How Patagonia’s Redesign Challenges Marketers to Take Action on Sustainability

No advertising, no billboards, no campaigning – when Patagonia founder Yvon Chouinard announced this week that he would donate all stock in the company to charitable causes, He wrote a letter. The humble display follows the founder’s anti-consumerism mindset, but additionally, it reminds marketers that values ​​shouldn’t sit on the surface.

“Once again, Patagonia and the family that owns it have demonstrated their selflessness and commitment to the fight against climate change,” Jack Bedwani, founder and CEO of the New Moon agency, said in an email. “This time in the most powerful and irrevocable way.”

On September 14, Patagonia announced the restructuring of the company, allowing Chouinard to redistribute the shares of the company. Ninety-eight percent of the company’s non-voting shares will be transferred to Holdfast Collective, an environmental nonprofit. The remaining 2% are voting shares and will be used to fund the Patagonia Purpose Trust which will work to develop a legal structure that helps encapsulate the brand values. Every dollar not reinvested in Patagonia will be used to protect the planet.

Patagonia’s moves in recent years around sustainability have been significant, and its latest push is no different. The company expects to pay an annual dividend of about $100 million per year, according to the release. Although Chouinard describes himself as the entrepreneur he never wanted to beits announcement is likely to build brand loyalty among key audiences.

Sustainability has long been a Patagonia priority, one increasingly shared with consumers. This year, 94% of consumers say they want to live a sustainable lifestyle, according to Kantar 2022 Sustainability Sector Index. Additionally, 49% say they think buying sustainable products is a demonstration of who they are and 57% say a clear explanation of how a brand improves the environment would entice them to buy.

“American consumers [want] companies to prioritize tackling socially charged sustainability issues, there are pockets of consumer groups that show a greater interest in environmental issues – namely Xers, primary and higher level consumers (level college and university), city dwellers, and the financially affluent — all of whom fit well with Patagonia’s primary target audience,” wrote Carlyn Kelly, senior director, Futures Practice at Kantar via email.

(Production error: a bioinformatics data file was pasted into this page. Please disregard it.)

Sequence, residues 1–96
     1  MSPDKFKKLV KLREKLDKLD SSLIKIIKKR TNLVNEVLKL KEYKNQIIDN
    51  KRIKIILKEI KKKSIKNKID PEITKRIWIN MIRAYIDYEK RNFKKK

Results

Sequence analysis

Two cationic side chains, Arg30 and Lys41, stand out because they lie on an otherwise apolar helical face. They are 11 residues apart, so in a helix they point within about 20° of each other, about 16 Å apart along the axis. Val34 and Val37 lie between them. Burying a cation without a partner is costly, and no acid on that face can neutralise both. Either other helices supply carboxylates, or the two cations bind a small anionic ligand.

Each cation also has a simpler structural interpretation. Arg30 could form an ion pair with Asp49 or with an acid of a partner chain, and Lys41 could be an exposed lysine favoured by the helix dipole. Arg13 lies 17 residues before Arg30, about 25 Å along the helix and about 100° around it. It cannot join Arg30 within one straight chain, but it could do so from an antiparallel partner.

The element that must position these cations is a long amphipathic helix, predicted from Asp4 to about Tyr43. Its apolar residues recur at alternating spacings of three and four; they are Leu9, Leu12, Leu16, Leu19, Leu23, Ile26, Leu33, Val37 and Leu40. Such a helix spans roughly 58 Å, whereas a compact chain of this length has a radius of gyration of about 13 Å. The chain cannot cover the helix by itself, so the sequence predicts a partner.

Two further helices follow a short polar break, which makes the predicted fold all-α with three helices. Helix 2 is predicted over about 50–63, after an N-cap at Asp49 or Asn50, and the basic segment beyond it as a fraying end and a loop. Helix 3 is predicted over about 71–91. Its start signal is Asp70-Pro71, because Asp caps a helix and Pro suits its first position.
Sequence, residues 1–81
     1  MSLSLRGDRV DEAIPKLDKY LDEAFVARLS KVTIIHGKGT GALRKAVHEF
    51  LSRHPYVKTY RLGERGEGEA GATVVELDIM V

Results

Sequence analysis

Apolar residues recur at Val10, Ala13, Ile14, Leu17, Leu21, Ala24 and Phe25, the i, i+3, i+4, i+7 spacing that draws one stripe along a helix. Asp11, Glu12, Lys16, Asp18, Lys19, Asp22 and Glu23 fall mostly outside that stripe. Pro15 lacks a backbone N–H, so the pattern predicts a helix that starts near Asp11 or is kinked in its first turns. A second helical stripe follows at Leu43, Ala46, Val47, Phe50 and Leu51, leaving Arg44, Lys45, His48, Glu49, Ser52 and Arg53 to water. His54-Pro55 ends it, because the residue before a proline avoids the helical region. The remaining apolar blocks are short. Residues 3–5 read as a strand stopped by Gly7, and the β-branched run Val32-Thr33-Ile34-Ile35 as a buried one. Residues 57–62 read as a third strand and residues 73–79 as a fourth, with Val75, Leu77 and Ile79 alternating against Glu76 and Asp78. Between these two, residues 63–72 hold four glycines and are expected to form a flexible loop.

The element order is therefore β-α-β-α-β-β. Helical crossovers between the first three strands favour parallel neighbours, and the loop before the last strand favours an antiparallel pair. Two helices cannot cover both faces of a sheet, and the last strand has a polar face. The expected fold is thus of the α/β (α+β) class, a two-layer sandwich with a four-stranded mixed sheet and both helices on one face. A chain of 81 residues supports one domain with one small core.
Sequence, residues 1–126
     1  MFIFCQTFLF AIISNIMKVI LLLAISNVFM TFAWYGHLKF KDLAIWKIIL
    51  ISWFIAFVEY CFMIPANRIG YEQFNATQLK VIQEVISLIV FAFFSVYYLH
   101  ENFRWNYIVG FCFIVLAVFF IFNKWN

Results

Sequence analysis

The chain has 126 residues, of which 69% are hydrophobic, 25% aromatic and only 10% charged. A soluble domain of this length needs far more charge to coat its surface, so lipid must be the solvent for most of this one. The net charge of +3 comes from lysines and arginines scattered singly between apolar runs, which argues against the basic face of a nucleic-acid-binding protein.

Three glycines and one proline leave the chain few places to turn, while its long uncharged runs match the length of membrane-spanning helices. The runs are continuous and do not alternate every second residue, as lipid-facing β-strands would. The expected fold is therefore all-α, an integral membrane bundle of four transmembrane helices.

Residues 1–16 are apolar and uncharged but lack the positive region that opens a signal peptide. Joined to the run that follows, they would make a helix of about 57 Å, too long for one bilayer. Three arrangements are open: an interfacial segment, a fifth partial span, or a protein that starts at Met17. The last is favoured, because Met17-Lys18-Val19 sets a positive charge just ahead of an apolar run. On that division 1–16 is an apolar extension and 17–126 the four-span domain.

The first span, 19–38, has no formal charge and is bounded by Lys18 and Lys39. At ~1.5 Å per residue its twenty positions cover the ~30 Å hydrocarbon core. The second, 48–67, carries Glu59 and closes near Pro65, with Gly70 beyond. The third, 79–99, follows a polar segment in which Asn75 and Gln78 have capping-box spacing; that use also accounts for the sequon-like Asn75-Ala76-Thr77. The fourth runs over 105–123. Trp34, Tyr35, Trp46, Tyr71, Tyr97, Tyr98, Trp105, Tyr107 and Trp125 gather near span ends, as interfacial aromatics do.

Patagonia’s efforts could also shed light on what the future of sustainable enterprise might look like, though it’s likely unrealistic for consumers to expect to see other brands follow suit on the latest initiative. of the brand. Even two to three decades from now, the decision will likely be seen as the exception, not the rule, New Moon’s Bedwani said.

“The thing is, Patagonia has raised the bar so incredibly high that it’s going to be hard for other brands to come close,” he said. “At this point, all efforts to promote sustainability and advance progress on the climate change agenda are good.”

For years, Patagonia has made its intentions on the subject clear. In a 2011 Black Friday edition of The New York Times, the retailer published a full-page ad that reads “Do not buy this jacket” in order to fight against consumerism. The ad detailed how, although the jacket is made mostly from sustainable materials, it would leave behind two-thirds of its weight in waste. In 2015, the brand launched its “Worn Wear Wagon” a mobile clothing repair shop that encouraged keeping clothes rather than giving them up for something new. In a more direct effort, he sued the Trump administration after deciding to drastically reduce the size of two national monuments in Utah.

Marketers undertaking smaller sustainability efforts than Patagonia couldn’t hurt as they appeal to consumer feelings, though such efforts would be unsuccessful without coming from a place of authenticity, Ken Beaulieu said. , senior vice president of the ANA Center for Brand Purpose in an email. . Since sustainability has become a priority, many brands have used it as a marketing tool, but took no real actionknown to critics as “greenwashing”.

“It’s a case of talk and no action, and it’s led to accusations of goal-washing. Brands need to understand this if they want to play in the sustainability space,” Beaulieu said. If they want to have the grip of a Patagonia, they must consistently and authentically demonstrate their purpose beyond profit.

Patagonia’s reshuffle could also put the companies at risk of being held liable for making false promises to buyers as they chase profits, and in many ways the spotlight could also remain on the brand as some are waiting to see if they will use a movement lauded for its modesty in a more profit-oriented way.

“What I will be watching carefully over the next few months is how and if Patagonia chooses to address this decision in its marketing and communications,” Bedwani said. “I see a risk that marketing campaigns related to this decision could become too judgmental or self-congratulatory.”

“To this day, Patagonia wouldn’t brag about the good they’re doing. However, we (the general public) have notoriously short memories,” he added. “I’m curious to see how the brand threads the needle.”

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